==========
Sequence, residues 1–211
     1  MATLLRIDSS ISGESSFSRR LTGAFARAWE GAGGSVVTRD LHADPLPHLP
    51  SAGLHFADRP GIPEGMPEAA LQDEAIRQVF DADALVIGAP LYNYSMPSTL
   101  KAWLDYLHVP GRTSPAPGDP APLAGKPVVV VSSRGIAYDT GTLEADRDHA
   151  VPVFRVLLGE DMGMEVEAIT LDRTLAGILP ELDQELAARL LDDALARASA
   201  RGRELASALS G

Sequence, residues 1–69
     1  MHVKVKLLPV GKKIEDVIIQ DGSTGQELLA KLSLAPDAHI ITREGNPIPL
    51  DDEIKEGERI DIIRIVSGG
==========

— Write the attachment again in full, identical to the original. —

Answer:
Sequence, residues 1–211
     1  MATLLRIDSS ISGESSFSRR LTGAFARAWE GAGGSVVTRD LHADPLPHLP
    51  SAGLHFADRP GIPEGMPEAA LQDEAIRQVF DADALVIGAP LYNYSMPSTL
   101  KAWLDYLHVP GRTSPAPGDP APLAGKPVVV VSSRGIAYDT GTLEADRDHA
   151  VPVFRVLLGE DMGMEVEAIT LDRTLAGILP ELDQELAARL LDDALARASA
   201  RGRELASALS G

Sequence, residues 1–69
     1  MHVKVKLLPV GKKIEDVIIQ DGSTGQELLA KLSLAPDAHI ITREGNPIPL
    51  DDEIKEGERI DIIRIVSGG